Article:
Law could force hospitals to admit errors in care

 

HOSPITALS AND other healthcare providers could soon find themselves facing stiff sanctions if they fail to adequately inform patients and their families of medical errors when they arise.

Minister for Health James Reilly is studying a series of proposals to ensure more effective reporting of adverse clinical events in hospitals and greater accountability within the healthcare system for patient safety.

The Minister is said to be concerned at the high cost of long-running medical negligence cases, which account for the bulk of payouts made each year by the State Claims Agency and which patient groups say could be reduced under a more transparent system.

To promote more accountability within the system, Reilly plans to establish a new patient-safety authority, which would subsume the Health Information Quality Authority (Hiqa) and act as a licensing authority for hospitals and other healthcare providers.

Under proposals drawn up by Hiqa, the new agency would be able to tie the awarding and renewal of licences to certain standards of care. One of the standards being proposed would force hospitals to “openly inform patients” when adverse events connected with their care occur, a spokesman for the Minister told The Irish Times.

The precise legal connection between the standards and the licence in terms of how they would be enforced remains to be decided. Nevertheless, the spokesman said the Minister is keen to ensure that the principle of disclosure informs the rules governing the system.

As part of the Health Information Bill, expected to be published early next year, the Minister is also considering a recommendation from the Commission on Patient Safety and Quality Assurance to afford legal protections to hospitals and doctors who make disclosures about medical errors to patients.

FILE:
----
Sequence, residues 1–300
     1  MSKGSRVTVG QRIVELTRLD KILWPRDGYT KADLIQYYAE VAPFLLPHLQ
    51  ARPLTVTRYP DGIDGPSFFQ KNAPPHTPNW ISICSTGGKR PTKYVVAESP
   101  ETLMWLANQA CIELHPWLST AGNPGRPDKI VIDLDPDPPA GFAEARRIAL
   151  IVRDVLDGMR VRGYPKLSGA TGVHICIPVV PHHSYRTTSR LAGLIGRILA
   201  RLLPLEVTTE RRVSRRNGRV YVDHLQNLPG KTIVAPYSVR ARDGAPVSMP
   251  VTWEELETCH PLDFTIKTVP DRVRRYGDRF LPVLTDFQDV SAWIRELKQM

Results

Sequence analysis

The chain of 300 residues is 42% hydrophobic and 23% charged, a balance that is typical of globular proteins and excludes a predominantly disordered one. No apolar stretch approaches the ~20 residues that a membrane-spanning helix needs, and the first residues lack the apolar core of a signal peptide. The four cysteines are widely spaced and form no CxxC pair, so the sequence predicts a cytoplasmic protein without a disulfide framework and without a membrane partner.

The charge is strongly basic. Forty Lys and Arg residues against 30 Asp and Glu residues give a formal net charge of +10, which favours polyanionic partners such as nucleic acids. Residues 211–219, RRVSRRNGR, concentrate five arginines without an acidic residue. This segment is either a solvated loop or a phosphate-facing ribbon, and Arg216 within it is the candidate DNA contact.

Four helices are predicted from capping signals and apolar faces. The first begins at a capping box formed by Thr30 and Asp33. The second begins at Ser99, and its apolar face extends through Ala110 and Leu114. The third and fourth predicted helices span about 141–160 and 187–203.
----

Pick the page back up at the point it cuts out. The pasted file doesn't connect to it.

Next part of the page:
“The recommendation is intended to facilitate the greater flow of information between hospitals and patients who have been adversely affected,” Reilly’s spokesman said.

While admitting a medical error is in no way an admission of medical negligence, there has long been fear within the healthcare system that owning up to mistakes only attracts litigation.

The research, however, suggests patients are more concerned with finding out what went wrong and with what steps have been taken to rectify the situation than they are with pursuing legal cases, which are often protracted in the case of medical negligence claims.

A recent report by the Health Service Executive found that patients often forgive medical errors when the effects of medical mistakes are explained openly and honestly to them.

Figures from the HSE and the State Claims Agency, published last month, showed there were 83,483 hospital incidents recorded last year, which could have resulted in patients being harmed.

Despite the large number of incidents, only 450 claims of negligence were expected to be made on behalf of patients, the agencies said. Most of the total estimated liability of €786 million related to claims in obstetrics because of the “high settlement values” associated with cerebral palsy and other serious birth-related claims.

In an effort to increase transparency and reduce litigation, the British government recently announced plans to introduce a legal “duty of candour”, which would compel hospitals to tell patients when mistakes have been made with their care.